Tuesday, May 13, 2014

Critiquing the Past

I'm teaching Intro to Theology again at the university and this time I have online students. So we are doing a private blog experiment. I post a blog with questions after a couple of the lectures and the students interact with it as part of their assignment marks. It's working great so far.

Our last class we finished up a brief overview of the history of Christian theology and after I met up with an old friend. So when this old friend began criticizing Calvinism I decided to weigh in with some of the stuff I was teaching about the history of the Reformation. The conversation started to go sideways so I did the only sane thing - invited him to pray with me. We prayed, God came, we had a more normal conversation.

So I came home to write my first blog challenge with the class and this conversation on my mind. My blog was about the ways we critically engage with theologies of the past. The conversation was quite insightful - I always seem to have such great students! The students didn't seem to get that part of my line of questions was me processing the encounter with my old friend. And through the conversation there emerged a sense of responsiblity in critically engaging the past.

One insight was that there is often something that unsettles us about the way theology is framed in the past. That this can be a good thing in that it can lead us to wrestle through to what is essential and what needs to come forward in our culture. Evangelicals are innovative, if we are anything. We tend to do this part intuitively - reframing conversations and styles to faithfully present the gospel in every context we have seen. Because this emerges form discomfort, the tendency is to be highly critical of the past theologies. To even blame them for holding us back. But the reality is that they did the same thing we are doing - which is how they ended up with the framing and form the did. So that led to the second important insight: retrieval.

When we've found new ways forward the responsible thing to do is then to go back and retrieve what is good - even if that is a good reputation. I am not a Calvinist, but I did find myself defending Calvin and his theological offspring. This is because when I look at the conditions in which Calvin worked, the challenges he faced mediating between Luther and Zwingli, I am impressed to say the least.

The responsible thing is to honour the past, thank the past for pushing us into the future while also being faithful to the message it had received.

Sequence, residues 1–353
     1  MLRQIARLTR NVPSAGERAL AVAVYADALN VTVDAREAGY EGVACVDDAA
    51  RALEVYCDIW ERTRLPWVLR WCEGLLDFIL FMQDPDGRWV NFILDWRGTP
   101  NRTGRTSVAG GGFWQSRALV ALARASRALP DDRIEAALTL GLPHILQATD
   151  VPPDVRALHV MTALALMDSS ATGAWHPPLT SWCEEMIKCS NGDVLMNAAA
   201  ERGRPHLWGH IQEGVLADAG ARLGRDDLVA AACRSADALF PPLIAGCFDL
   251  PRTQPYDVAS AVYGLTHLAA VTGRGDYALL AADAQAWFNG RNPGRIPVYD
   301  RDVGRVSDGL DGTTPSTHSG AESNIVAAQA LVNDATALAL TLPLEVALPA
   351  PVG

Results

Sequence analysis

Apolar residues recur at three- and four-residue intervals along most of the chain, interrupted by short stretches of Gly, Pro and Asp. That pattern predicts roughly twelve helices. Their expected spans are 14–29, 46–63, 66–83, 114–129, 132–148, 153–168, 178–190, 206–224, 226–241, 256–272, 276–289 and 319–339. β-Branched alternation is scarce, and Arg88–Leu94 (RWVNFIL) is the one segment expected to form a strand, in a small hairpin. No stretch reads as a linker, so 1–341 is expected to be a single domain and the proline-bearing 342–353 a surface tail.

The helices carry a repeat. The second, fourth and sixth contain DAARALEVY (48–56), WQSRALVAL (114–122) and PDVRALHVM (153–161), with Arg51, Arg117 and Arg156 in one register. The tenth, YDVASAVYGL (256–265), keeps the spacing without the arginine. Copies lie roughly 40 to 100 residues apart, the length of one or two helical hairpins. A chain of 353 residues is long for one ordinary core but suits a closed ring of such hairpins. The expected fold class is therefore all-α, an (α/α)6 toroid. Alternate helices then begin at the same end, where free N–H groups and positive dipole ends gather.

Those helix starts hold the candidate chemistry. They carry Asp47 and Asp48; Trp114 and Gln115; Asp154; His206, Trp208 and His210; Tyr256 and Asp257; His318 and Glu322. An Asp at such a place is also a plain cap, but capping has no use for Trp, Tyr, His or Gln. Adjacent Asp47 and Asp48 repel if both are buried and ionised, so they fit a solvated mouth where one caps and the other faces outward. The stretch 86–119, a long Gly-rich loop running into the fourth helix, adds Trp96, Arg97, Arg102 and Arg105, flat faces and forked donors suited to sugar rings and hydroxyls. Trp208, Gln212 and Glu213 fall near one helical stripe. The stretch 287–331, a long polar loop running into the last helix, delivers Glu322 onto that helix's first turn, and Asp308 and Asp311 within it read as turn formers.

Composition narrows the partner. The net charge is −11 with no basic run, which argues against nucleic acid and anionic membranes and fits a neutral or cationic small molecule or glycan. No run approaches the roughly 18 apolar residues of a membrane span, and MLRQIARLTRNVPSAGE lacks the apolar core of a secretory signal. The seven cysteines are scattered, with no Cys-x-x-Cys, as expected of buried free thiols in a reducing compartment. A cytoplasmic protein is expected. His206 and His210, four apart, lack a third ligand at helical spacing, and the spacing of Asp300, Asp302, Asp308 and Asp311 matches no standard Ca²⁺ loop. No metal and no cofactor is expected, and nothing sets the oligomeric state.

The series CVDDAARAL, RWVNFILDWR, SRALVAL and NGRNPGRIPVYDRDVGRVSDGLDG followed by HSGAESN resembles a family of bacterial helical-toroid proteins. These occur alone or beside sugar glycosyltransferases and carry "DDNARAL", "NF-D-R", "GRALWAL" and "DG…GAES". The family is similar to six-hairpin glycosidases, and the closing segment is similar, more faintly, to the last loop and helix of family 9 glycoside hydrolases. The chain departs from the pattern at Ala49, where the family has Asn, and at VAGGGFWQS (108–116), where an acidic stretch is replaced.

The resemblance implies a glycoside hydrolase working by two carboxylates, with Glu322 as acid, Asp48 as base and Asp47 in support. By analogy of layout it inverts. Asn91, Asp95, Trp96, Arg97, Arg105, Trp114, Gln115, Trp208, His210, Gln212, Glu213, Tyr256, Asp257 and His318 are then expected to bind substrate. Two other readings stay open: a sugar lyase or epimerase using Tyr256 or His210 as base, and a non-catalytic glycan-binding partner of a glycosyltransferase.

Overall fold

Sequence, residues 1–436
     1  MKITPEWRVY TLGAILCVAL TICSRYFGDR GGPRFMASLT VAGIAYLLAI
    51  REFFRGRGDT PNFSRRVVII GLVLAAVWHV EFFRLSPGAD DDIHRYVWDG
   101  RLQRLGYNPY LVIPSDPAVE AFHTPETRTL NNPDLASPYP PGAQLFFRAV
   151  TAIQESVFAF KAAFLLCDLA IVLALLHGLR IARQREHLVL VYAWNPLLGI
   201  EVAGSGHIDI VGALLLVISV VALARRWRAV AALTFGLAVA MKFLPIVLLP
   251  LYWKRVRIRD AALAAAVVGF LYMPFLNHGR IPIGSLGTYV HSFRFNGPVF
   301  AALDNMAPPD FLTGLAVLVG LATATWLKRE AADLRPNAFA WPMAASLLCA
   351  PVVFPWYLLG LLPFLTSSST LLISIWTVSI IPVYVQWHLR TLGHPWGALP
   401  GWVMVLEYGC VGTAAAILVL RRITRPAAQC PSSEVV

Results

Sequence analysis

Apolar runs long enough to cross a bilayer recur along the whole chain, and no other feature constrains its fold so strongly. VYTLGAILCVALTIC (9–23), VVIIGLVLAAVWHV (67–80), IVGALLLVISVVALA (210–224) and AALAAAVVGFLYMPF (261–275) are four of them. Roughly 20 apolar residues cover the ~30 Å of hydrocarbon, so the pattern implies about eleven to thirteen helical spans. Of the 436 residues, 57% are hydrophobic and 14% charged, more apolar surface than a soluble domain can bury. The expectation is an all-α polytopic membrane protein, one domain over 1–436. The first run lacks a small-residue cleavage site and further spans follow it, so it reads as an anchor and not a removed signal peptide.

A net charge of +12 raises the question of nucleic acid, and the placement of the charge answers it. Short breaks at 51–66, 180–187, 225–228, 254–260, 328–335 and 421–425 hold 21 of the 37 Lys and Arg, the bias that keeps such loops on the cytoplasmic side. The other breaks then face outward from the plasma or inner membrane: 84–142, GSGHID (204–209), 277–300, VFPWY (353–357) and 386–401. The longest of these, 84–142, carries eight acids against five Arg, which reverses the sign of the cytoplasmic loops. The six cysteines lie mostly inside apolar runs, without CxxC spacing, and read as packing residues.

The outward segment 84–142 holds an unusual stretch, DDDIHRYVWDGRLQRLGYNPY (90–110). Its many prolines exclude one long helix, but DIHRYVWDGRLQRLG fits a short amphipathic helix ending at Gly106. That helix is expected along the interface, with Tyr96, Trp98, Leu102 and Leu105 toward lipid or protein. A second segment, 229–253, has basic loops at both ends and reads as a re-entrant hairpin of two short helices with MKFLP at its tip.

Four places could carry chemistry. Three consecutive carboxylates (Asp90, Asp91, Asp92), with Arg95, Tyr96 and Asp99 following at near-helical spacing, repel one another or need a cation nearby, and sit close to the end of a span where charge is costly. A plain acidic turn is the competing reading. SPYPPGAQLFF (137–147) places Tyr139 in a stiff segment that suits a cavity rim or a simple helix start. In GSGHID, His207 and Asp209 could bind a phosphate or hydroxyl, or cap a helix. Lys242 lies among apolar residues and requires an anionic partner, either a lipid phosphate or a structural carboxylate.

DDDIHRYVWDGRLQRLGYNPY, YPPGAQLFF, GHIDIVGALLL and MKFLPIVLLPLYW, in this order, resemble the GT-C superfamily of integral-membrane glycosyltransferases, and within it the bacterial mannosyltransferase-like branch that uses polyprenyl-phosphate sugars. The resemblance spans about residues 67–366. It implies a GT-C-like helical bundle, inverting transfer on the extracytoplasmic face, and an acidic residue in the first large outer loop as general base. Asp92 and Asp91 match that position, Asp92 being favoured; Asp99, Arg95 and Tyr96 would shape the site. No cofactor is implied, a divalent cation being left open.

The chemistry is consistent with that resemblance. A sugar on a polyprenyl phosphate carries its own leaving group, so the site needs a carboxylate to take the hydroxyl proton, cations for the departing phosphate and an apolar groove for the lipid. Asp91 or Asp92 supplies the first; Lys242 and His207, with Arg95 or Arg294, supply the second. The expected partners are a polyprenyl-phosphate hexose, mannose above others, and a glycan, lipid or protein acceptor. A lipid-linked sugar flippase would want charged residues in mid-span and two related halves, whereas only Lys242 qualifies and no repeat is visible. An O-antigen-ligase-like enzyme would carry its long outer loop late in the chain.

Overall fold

In a time when all denominations and movements seem to be shaking up things. It is a good reminder that we owe a debt to the past and while it does push us into the future, it also knew that same pushing from its history.

So how do you honour traditions and theologies that you no longer find helpful?

Frank Emanuel - Pastor Freedom Vineyard

Monday, May 5, 2014

the problem with ultimatums

Image from snorgtees.com
We have a thing for ultimatums. We use them in our everyday lives: "Clean up your room or no dessert!" We are subject to them in our workplace: "Do this personal favour for your boss or your job is in jeopardy!" We love to watch movies and television shows based on them: "Give me 1 million dollars or someone you love gets hurt" (hostage drama) or "Pay me 10 million dollars or I tell your dirty little secret" (blackmail). They fascinate us because not only can we identify with the feeling of powerlessness, but we love to see someone find their way around the restrictions of an ultimatum and defeat the person trying to assert power over them.

Yesterday in our Sunday gathering I told the story of Shadrach, Meshach, and Abed-nego and their encounter with the fiery furnace (you can read the whole story in Daniel 3). It is a story based on an ultimatum. Nebuchadnezzar, that tyrant of a king, decided it would be a great idea to have a 90-foot statue built. The reasons behind this gigantic effort could have been any or all of the following: to assert his power, to intimidate his subjects, to quash disloyalty and thereby, to better unify his kingdom. But I suspect that at the core of it all was the embarrassing fact that he felt somewhat powerless and insecure. Whatever the case, he issued an ultimatum: when the music played everyone was to bow down and worship the statue or they would be tossed into a fiery furnace to suffer a horrible death.